motorbike news

Bike news

LEGO and the BMW M 1000 RR superbike: a perfect combination?

LEGO_BMW_M_1000_RR_WEB

For many fans of sportsbikes, BMW’s M 1000 RR is probably the bike of 2021, and if a lottery win eluded you again this year, Danish toy masters LEGO have the perfect project for you this winter.

Yep, it’ll still set you back a hefty £174.99 when it goes on sale on January 1, but the bricktastic homage to the £30k superbike looks like a perfect new year pick-me-up for bike fans and AFOLs (that’s Adult Fans Of LEGO to you and me) alike.

The M 1000 RR set is not LEGO’s first licenced motorcycle set, but it is by far the biggest. Sitting at 45cm wide and 27cm high, the 1:5 scale model towers above previous LEGO motorcycles, which include last year’s Ducati Panigale V4R interpretation and a stab at the ubiquitous BMW R 1200 GS adventure bike from a few years back. LEGO have released a version of the iconic Harley-Davidson Fat Boy under its LEGO Creator banner a few years back too.

The new kit comprises of 1920 pieces and fits under LEGO’s Technic brand, the Meccano style technical building sets which allow the fitment of mechanical elements such as motors and working gearboxes.

LEGO BMW

It looks like a pretty accurate representation too. It comes in BMW’s traditional motorsport colours and features the aerodynamic wings on the fairing, about which so much has been written. Sure, it can’t disguise its brick-based roots but there are loads of cool technical features, including working front and rear suspension, a fully-functional three-speed gearbox and moving steering.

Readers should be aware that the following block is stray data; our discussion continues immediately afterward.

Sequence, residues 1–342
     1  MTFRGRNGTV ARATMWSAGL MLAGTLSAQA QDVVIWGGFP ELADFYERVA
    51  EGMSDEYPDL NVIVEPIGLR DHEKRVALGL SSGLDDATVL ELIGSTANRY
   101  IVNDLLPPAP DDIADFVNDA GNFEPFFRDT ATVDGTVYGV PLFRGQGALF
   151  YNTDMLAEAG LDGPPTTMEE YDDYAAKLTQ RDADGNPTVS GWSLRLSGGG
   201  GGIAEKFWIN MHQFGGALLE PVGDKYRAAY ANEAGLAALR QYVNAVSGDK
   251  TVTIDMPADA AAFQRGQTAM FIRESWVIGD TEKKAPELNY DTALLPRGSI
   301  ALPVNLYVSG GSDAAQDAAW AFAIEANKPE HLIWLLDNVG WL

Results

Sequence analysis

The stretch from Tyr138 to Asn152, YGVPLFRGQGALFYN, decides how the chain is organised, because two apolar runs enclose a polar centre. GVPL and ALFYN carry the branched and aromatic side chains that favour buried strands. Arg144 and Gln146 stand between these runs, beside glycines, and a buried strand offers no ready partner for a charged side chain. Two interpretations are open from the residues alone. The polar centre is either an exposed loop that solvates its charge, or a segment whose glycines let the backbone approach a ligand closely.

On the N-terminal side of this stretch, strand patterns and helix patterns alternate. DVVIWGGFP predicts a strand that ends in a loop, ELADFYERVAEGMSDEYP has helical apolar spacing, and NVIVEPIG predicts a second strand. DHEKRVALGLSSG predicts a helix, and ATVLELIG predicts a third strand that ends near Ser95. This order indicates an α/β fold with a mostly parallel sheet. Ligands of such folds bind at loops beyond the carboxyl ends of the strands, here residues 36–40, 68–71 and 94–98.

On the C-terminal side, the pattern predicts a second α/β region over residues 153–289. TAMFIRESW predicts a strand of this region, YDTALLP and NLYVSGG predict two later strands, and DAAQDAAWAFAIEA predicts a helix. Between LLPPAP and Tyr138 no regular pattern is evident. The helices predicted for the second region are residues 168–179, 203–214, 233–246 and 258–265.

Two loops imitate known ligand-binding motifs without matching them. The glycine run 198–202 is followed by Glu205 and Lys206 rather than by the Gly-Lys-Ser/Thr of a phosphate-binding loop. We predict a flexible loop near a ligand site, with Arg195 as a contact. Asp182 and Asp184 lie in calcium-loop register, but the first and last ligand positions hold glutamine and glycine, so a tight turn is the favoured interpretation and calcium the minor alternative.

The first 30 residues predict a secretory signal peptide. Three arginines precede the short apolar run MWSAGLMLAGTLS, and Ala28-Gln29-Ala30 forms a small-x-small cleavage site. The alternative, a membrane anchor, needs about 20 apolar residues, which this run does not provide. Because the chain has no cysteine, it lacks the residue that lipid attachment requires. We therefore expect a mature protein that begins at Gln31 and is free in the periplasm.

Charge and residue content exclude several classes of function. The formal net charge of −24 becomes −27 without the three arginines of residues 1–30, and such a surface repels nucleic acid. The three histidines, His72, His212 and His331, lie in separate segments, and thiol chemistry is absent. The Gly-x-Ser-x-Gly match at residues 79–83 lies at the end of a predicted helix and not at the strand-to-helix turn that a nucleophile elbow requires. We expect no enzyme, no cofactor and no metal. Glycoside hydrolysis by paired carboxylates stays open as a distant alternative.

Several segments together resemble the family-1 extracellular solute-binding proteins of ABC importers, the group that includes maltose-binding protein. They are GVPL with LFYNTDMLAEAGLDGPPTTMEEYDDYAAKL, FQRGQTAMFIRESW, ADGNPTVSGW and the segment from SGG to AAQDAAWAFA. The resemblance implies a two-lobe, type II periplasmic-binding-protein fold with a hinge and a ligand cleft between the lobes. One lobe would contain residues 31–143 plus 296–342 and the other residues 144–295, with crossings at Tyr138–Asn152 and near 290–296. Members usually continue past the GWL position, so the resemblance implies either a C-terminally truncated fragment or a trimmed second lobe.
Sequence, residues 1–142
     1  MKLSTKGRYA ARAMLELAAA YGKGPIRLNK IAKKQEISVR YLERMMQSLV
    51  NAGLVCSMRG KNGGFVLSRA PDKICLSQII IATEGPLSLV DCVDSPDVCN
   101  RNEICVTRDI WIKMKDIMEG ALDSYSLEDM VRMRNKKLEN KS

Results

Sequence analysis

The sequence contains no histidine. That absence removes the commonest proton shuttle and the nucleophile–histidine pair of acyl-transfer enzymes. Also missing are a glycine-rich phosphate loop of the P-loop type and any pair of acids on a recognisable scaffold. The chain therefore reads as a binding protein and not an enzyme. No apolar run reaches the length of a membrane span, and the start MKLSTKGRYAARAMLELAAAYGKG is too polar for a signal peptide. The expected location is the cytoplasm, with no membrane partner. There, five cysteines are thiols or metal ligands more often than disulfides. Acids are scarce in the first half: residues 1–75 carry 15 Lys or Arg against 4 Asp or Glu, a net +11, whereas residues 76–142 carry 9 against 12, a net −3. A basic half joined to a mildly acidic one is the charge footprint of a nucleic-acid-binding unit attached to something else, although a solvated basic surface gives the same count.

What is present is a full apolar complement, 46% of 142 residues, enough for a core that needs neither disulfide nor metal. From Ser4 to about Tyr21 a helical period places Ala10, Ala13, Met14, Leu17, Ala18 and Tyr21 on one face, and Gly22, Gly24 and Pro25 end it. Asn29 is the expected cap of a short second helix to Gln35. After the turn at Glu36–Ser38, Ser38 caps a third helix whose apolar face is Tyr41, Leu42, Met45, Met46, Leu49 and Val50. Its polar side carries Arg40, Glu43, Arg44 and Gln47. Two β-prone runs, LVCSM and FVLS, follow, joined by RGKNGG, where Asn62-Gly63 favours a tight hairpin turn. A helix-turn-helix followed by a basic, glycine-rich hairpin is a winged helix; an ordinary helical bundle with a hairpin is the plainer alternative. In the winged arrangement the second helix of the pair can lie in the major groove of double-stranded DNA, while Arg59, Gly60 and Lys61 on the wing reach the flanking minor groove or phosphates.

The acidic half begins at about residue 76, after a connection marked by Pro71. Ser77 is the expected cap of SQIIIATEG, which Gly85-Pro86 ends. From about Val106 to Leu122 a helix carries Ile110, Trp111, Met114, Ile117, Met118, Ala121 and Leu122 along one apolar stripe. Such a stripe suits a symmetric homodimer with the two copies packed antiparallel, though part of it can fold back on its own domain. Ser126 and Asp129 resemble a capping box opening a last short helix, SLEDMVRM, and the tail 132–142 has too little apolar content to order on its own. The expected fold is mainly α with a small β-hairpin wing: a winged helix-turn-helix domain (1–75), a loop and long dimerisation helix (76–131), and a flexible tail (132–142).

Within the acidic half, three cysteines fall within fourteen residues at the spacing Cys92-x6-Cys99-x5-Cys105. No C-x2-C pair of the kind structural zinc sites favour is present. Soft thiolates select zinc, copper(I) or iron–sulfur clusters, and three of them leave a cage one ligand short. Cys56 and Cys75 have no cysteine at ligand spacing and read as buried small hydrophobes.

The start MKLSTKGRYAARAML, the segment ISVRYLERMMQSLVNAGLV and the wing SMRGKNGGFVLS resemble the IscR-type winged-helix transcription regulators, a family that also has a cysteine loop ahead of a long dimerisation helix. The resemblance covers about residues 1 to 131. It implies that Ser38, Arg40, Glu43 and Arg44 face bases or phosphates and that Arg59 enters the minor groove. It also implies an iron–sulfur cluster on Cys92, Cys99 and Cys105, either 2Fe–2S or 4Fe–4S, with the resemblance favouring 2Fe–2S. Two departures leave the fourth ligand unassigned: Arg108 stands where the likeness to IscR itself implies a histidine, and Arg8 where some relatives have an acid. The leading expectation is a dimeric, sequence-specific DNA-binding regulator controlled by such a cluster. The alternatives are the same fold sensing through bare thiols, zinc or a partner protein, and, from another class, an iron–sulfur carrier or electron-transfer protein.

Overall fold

There are also a few unique parts that replicate some of the M 1000 RR’s special details, such as the M-branded brake callipers, gold-coloured drive train, three different dashboard options, sports wheels and tyres, and a dedicated printed windscreen. The kit also includes a paddock stand made out of LEGO Technic and an alternate display stand printed with the M 1000 RR’s staggering specs.

LEGO has given the model an 18+ age rating, not because it contains any explicit material but presumably because it’s going to be somewhat challenging to assemble.

If £175 sounds expensive for a model, it’s worth considering that these models tend to remain coveted on the used market once the sets get retired, so make sure you keep the box and don’t lose any pieces!

You also may be
interested in...

Bike News

Honda unveil their 2022 CB300R

Honda’s updated CB300R fills the gap between the CB125R and CB650R in their Neo Sports Café family.

Read more

Keep up to date with our news & blogs

Bike News

Honda unveil their 2022 CB300R

Honda’s updated CB300R fills the gap between the CB125R and CB650R in their Neo Sports Café family.

Read more
Bike News

BMW Motorrad celebrates record sales in 2021

Even with a global pandemic, BMW Motorrad have had their very best year to date.

Read more
Bike News

Dakar 2022 overview: Sam Sunderland takes the crown

The Brit has won the world’s toughest bike race for the second time, after almost 40 hours of riding and 12 gruelling stages.

Read more

Have some questions?

Check out our tips & guides for some great information

Motorbike tips

Top five tips for commuting on a motorcycle in winter

Should you put your bike into hibernation for the colder months, or brave the weather and continue to commute to work?

Read more Biking Tips, Inside Bikes
Motorbike tips

Top five all-rounders for 2022

These practical machines look capable of doing a bit of everything for the savvy buyer. It’s a concept we totally buy in to, and these five are definitely worth a look.

Read more Biking Tips, Inside Bikes
Motorbike tips

Five top winter commuters for under £2000

Given a theoretical budget of £2000 we hit the internet to find five bikes we’d love to ride around over the winter months, and maybe even in the summer months too!

Read more Biking Tips, Inside Bikes